FAMILIES on the minimum wage are £49 a week short of an acceptable standard of living, new research published today has found.
Lone parents and couples raising two children while working full-time on the minimum wage are hardest hit by the weekly shortfall, the Child Poverty Action Group (CPAG) found.
The charity blamed rising prices, benefits and tax credit freezes, the bedroom tax and the roll-out of Universal Credit for hitting family budgets hard.
CPAG head Alison Garnham said: “There is strong public support for government topping up the wages of low-paid parents, and investing in children is the best long-term investment we can make.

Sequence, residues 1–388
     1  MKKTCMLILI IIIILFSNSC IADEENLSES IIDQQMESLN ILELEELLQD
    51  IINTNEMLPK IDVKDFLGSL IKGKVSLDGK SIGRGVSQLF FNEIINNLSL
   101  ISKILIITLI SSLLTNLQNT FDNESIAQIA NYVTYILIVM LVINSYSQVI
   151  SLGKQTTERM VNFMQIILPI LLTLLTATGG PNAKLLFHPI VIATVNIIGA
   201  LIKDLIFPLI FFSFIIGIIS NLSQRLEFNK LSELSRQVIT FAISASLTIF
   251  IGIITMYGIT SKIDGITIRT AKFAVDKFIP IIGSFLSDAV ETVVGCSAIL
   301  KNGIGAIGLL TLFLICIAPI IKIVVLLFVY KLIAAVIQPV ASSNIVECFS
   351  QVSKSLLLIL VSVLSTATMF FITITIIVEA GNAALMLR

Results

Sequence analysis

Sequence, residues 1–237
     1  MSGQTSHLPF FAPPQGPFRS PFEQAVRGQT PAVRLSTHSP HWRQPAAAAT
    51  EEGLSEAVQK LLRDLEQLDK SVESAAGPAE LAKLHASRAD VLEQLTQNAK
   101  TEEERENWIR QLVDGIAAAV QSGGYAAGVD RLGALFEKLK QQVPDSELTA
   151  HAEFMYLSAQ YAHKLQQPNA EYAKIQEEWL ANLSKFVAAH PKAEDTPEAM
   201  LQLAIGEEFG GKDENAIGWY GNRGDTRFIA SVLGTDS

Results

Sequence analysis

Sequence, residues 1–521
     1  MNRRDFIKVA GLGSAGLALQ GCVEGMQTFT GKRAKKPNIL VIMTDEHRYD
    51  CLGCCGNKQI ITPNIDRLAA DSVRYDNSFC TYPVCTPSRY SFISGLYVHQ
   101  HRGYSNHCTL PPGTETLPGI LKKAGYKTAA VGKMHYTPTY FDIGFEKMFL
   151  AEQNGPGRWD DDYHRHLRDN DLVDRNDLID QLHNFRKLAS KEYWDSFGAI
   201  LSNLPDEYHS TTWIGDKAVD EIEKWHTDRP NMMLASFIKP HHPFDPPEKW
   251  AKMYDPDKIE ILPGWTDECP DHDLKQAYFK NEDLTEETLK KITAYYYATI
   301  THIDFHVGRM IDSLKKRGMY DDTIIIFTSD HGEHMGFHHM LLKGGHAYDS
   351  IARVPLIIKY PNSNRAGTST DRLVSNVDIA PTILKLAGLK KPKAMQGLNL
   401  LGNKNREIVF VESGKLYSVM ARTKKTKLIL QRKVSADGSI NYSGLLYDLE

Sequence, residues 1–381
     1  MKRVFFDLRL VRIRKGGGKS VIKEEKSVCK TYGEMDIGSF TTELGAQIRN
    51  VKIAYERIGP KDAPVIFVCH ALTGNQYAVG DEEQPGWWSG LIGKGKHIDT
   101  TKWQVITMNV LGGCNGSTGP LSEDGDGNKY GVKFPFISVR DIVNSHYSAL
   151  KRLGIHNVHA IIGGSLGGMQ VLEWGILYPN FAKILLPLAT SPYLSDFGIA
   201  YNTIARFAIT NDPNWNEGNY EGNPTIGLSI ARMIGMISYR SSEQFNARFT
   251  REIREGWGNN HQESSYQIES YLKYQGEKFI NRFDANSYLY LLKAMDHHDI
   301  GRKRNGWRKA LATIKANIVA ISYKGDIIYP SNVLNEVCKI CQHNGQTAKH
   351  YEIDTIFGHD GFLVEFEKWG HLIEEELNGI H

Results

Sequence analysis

“By using the forthcoming budget to unfreeze benefits and restore work allowances, the government can take steps towards making work really pay.”
Gains from increased minimum wages were offset by a freeze in tax credit support, the research said. The overall cost for a couple raising a first child until they are 18, however, fell from £155,100 to £150,800.
A government spokeswoman said fewer are living in absolute poverty today and ministers are committed to giving every child the best chance.
“The employment rate is at a near-record high and the national living wage has delivered the highest pay increase for the lowest paid in 20 years, worth £2,000 extra per year for a full-time worker,” she said.
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